This commentary originally appeared on Real Money Pro at 08:00 a.m. ET on Sept. 23, 2015. Click here to learn about this dynamic market information service for active traders.
What was Volkswagen (VLKAY) thinking? This week, the company admitted that 11 million of its diesel engine vehicles were equipped with software that could be used to cheat emissions tests. Volkswagen announced that it has set aside $7.3 billion to correct the issue, but the price may prove to be considerably steeper.
Volkswagen is by far the dominant automaker in Europe, where diesel-powered vehicles are popular. With fines and lawsuits looming, and with the company's reputation sullied by the deception, we could be seeing the end of the road for the automaker. The company's market cap has declined by over $25 billion during the past week, and technically speaking, further losses lie ahead.
The next support levels for Volkswagen lie at $21.75 (blue line), which marked a major low in late 2011, and $16.25 (black line), which is where the stock ultimately bottomed in 2010 after a steep decline. The massive volume on this week's candle only consists of two days' worth of trading.
While Volkswagen faces an existential crisis, the implications of its potential demise are far-reaching. It's no coincidence that as the company has skidded off the autobahn, the euro has gotten a flat tire. On Friday, the currency opened above 1.14 to the U.S. dollar (arrow); by last night, it was flirting with 1.11.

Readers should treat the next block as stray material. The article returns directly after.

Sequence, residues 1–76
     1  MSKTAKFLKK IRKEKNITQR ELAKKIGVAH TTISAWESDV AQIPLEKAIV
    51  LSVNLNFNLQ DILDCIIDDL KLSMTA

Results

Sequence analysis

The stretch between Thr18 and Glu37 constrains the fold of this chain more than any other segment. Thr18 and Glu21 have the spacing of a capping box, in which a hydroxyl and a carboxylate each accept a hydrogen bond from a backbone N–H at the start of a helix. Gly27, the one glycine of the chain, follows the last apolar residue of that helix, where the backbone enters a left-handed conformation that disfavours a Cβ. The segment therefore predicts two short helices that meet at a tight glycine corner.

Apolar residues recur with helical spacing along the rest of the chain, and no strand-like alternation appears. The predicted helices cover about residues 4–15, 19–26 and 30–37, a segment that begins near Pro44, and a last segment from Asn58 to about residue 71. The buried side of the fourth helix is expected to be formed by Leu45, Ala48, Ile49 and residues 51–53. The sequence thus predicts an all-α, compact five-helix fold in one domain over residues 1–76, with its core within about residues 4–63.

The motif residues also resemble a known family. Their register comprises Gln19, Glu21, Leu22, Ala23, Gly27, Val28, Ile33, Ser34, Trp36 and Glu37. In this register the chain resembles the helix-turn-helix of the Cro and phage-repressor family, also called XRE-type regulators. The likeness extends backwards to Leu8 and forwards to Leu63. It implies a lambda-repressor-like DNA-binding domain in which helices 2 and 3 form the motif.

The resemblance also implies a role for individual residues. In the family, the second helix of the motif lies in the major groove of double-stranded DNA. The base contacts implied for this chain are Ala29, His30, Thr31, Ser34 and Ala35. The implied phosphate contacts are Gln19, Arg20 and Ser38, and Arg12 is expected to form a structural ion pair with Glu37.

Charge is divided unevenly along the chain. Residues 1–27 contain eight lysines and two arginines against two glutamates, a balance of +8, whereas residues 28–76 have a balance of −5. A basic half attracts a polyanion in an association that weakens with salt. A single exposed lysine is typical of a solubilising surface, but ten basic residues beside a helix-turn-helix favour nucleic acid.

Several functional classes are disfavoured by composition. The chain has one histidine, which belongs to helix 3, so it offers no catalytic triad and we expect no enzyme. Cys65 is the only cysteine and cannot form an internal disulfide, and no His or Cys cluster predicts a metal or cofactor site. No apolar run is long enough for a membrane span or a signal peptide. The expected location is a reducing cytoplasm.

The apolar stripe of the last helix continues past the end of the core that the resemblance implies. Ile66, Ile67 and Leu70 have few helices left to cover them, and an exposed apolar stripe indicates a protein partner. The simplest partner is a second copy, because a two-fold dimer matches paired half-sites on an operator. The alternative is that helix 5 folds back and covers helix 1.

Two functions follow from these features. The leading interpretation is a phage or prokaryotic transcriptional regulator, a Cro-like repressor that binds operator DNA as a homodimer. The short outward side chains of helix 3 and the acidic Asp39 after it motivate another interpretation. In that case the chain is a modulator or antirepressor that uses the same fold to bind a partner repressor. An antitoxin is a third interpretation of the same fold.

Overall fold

This matters because in the world of currencies, everything is relative; a weaker euro means a stronger dollar. Therefore, Volkswagen's emission scandal is bad news for U.S. exporters.
Europe's economy is driven by Germany, and exports are the engine of that country's growth. Automobiles and related products, such as auto parts, account for approximately 20% of Germany's exports. Volkswagen and its various brands account for about 10% of all vehicles sold globally, according to Euromonitor International.
Some economists say that the hit to Germany's economy would be negligible, with German GDP losing just 0.2%. According to Moody's, Germany's economy is expected to grow at just 1.5% this year. Even if the 0.2% figure is correct, it's more than Germany can afford to lose.
Can the European Central Bank (ECB) do anything to offset this decline? With its key interest rate hovering just above zero, and with quantitative easing already in effect, the ECB's bag of tricks is just about empty.
Don't expect any help from world's largest auto buyer, China. Last night, the Caixin flash PMI reached a 78-month low. That doesn't bode well for China's economy, or for future demand forEuropean vehicles.
My advice? Fasten your seatbelts.